Tuesday, July 21, 2015

One less horned goat

I've paid for my mistakes in bringing horned goats into our herd.  Nettie almost died from a horn related injury to her udder a year & a half ago.  I've also been dealt blows with those horns, and although probably unintentional, they still hurt like hell and left nasty bruises.  And even though I've told Rhiannon that she is not allowed to go near the horned goats, they don't listen, especially when they suspect you may have something yummy to eat.

I've sold two of the horned goats that I acquired in the last year or so, but still had Lily & Herman the Boers, and MamaGoat, the Mini-Saanen that just so happens to now be my heaviest milker.  She also happened to be the meanest little shit because she had horns...and knew how to use them, even on the bigger goats.

I was at my wit's end earlier in the kidding season.  I saw MamaGoat toss other kids across the yard with those damned horns.  I saw her ambush other goats and gouge them in the side, seemingly "just because".  And her horns weren't the ones that rolled back behind her head.  Oh no.  They were straight and pointy (although they had been previously "tipped") and you'd better mind your eyeballs or there was the distinct possibility that she'd end up popping one of them out if you bent over to her and she spooked.

But darn it.  She was my best milker.  And apparently I'm heartless and selfish and cruel.  Because I didn't butcher her or sell her to a horned herd owner; she's still on the homestead.  What I did was, according to some, a horrible, horrible thing.  I banded her horns.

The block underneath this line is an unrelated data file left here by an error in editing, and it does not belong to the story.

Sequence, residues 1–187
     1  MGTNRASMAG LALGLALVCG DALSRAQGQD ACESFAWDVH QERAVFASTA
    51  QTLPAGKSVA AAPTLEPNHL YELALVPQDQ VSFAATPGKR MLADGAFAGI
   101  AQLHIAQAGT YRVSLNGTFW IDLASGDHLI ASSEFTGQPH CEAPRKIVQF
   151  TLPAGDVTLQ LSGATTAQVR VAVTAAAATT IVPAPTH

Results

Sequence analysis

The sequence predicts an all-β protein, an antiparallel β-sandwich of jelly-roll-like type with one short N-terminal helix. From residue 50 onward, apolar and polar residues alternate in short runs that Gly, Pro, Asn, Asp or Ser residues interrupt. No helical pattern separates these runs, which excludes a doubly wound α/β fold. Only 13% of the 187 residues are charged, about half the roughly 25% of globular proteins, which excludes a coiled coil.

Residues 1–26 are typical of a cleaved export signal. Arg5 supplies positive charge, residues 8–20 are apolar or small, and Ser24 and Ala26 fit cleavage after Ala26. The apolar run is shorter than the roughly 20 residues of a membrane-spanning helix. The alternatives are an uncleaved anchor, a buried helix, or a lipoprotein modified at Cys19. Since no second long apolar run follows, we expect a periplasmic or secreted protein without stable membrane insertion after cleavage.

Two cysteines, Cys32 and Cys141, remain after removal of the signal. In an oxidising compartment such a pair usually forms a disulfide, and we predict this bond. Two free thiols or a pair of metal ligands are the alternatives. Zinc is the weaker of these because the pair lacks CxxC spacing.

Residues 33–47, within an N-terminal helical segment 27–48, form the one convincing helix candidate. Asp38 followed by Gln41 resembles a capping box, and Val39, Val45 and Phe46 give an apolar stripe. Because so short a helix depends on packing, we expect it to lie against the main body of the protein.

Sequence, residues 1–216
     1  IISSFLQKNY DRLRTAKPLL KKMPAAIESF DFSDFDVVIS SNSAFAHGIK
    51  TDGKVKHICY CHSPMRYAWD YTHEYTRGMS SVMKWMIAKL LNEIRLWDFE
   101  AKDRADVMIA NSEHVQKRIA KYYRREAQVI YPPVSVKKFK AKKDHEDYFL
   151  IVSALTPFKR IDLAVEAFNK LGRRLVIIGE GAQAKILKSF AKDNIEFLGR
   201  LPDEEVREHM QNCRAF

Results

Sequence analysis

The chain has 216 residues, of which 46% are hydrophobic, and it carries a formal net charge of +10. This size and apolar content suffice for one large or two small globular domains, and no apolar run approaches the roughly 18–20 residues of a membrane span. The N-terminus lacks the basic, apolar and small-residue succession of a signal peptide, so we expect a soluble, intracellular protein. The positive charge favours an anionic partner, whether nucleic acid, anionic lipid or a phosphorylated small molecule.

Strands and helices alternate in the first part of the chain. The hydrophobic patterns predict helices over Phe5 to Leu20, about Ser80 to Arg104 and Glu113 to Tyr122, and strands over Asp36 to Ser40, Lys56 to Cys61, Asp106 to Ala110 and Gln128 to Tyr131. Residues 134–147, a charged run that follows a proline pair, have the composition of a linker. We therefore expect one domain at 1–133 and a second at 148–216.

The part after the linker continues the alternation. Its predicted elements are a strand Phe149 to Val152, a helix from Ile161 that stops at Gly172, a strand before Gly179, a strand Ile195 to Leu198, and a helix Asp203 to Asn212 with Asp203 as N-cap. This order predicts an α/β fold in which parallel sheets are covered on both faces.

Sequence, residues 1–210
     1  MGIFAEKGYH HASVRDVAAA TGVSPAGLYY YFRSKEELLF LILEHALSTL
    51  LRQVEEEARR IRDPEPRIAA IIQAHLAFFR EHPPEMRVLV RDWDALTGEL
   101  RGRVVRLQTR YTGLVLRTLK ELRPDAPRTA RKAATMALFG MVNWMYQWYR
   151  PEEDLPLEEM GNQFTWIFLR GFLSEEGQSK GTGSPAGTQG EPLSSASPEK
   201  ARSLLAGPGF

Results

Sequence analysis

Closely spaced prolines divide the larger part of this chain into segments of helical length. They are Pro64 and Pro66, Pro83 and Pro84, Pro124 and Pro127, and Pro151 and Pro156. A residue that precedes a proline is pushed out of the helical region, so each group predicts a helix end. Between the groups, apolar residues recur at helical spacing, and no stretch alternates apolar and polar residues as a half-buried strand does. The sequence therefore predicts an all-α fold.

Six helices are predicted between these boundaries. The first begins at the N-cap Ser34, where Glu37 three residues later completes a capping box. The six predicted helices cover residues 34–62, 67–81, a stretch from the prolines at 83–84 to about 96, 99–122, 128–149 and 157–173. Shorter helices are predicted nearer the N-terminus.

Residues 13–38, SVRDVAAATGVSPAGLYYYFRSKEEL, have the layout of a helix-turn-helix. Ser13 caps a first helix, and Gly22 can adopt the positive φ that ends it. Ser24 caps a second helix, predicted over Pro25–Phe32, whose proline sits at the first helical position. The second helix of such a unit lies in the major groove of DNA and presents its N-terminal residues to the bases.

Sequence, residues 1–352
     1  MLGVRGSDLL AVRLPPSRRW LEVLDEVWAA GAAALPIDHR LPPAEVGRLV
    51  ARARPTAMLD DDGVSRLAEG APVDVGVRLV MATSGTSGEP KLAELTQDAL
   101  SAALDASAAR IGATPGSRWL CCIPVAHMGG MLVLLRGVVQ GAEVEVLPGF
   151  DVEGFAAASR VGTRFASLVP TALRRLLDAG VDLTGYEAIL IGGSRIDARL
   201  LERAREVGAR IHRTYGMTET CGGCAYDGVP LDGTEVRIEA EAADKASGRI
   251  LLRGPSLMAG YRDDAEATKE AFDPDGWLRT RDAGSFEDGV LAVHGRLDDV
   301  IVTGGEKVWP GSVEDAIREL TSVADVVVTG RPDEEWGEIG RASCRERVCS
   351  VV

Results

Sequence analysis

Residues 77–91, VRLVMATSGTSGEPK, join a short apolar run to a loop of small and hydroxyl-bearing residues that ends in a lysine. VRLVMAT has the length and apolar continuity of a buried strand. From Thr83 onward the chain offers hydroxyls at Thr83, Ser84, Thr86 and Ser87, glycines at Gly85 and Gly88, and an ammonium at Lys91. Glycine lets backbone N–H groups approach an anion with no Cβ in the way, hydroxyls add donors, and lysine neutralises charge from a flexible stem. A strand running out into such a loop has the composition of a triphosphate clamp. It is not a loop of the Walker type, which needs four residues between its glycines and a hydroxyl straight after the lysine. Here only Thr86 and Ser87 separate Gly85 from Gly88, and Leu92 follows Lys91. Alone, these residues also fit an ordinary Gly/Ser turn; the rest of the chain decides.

I've always said that I wanted this blog to be truthful, no matter how embarrassing or ignorant or stupid my actions (the ones that I tell you about, that is) may be.  Because I honestly believe that everything is a learning opportunity.  Some of those lessons are best learned personally, other best learned by other people's mistakes (say for example, swimming in shark infested waters wearing a meat necklace).   So that is why I will open my blog to the shaming or finger pointing or angry comments that may ensue after this is posted.  And although I am always open and willing to hear other's opinions or experiences, I will not tolerate the unoriginal comments like "You're a meanie" or "You're a murderer" kinda stuff.  Because you know what?  It's my blog.  It's my life.  And if you don't like what I'm doing you can simply unsubscribe and go look at funny cat pictures.